The majority of patients who undergo electroconvulsive therapy (ECT) think it was a positive experience and would undergo the treatment again, a study
In the research, which involved 30 NHS patients from Worcestershire, 80% said they thought ECT was a useful procedure and 70% said it worked quicker than drugs. Only 20% said they would be reluctant to have the treatment again.
“ECT is a very effective but underused treatment, partly due to the perception of the nature of this treatment,” says lead author Latha Guruvaiah. “This study illustrates that the overall experience and attitude of patients and carers on ECT treatment were positive.”
The study was based on questionnaires and interviews with patients, who underwent ECT during a two-year period at one NHS trust, and their carers. Most of the participants were female and the average age was 62 years.
Overall, 37% said ECT was a frightening treatment compared with 53% who disagreed. And 44% said they felt slightly or very anxious/frightened before ECT treatment. But overall, 80% said they would readily have the treatment again.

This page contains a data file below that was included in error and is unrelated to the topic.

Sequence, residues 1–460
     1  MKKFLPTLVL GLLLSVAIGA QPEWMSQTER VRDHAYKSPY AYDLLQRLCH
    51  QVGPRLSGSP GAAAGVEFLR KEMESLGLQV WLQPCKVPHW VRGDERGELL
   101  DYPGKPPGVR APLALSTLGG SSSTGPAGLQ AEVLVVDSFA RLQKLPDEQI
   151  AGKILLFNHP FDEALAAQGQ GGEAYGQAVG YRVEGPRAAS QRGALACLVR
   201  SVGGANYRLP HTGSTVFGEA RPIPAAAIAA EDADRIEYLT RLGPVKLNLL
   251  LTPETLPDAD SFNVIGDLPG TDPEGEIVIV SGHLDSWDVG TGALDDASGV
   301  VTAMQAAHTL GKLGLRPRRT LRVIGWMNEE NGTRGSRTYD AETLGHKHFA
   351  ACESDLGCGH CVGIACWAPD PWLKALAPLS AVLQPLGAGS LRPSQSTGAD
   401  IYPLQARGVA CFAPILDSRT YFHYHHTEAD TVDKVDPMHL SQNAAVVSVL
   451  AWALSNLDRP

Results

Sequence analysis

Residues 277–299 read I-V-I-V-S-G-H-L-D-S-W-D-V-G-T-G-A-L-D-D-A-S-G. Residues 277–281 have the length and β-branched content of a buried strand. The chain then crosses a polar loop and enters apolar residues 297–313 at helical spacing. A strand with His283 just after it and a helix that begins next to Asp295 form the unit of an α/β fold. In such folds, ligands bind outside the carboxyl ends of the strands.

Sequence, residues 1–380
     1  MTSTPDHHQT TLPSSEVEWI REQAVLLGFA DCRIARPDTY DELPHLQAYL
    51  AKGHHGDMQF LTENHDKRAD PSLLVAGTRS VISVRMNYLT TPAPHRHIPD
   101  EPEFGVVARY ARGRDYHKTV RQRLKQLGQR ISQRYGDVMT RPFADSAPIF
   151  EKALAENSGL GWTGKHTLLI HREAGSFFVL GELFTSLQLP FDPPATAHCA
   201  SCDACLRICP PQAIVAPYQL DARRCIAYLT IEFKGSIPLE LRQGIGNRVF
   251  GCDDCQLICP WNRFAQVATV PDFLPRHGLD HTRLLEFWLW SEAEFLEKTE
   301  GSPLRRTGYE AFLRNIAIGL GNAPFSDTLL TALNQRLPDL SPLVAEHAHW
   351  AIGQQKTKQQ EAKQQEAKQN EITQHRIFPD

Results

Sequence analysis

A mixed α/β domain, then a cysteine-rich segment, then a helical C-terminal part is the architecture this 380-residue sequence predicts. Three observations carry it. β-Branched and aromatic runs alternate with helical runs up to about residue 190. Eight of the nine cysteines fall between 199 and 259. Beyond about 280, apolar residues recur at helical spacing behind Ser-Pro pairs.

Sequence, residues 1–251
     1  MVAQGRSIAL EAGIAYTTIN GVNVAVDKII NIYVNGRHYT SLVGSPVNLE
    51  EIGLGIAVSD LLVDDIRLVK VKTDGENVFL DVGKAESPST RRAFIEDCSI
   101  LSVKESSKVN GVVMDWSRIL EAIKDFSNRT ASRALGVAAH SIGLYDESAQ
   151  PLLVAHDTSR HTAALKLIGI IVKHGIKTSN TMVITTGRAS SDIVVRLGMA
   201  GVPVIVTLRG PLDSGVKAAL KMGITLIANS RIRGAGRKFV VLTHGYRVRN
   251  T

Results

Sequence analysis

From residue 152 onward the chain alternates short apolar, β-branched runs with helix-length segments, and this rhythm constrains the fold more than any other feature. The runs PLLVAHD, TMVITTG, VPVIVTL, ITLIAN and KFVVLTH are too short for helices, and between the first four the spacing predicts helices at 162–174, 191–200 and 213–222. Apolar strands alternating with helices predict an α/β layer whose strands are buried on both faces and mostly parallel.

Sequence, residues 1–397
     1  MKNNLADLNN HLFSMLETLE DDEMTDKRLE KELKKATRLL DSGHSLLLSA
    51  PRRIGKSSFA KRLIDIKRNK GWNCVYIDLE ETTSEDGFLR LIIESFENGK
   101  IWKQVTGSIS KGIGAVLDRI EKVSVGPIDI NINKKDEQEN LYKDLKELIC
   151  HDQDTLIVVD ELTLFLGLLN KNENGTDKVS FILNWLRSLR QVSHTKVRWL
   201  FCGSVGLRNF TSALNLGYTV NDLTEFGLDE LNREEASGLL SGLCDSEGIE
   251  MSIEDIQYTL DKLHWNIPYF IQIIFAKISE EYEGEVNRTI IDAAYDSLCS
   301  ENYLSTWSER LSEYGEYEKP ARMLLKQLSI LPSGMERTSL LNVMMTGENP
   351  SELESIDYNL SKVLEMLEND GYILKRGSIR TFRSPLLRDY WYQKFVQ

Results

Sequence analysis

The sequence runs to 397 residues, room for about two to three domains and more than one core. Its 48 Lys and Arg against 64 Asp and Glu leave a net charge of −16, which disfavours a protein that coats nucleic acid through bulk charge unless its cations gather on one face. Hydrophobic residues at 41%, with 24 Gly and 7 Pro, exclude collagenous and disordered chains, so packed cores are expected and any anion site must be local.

Reporting in Progress in Neurology and Psychiatry (online, 31 May 2017), the researchers note that ECT has been restricted to fewer and more serious conditions, such as severe depression and severe manic episodes. But they say the media’s portrayal of the treatment has probably contributed to negative perceptions and underuse.
They suggest that the introduction of ECT accreditation standards by the Royal College of Psychiatrists since 2003 has probably helped to improve the patient experience and made it less frightening for them and their carers.
“Many treatment options are available now for psychiatric disorders but still ECT is considered an effective treatment and has been found to be a potential lifesaver in many cases,” says Guruvaiah.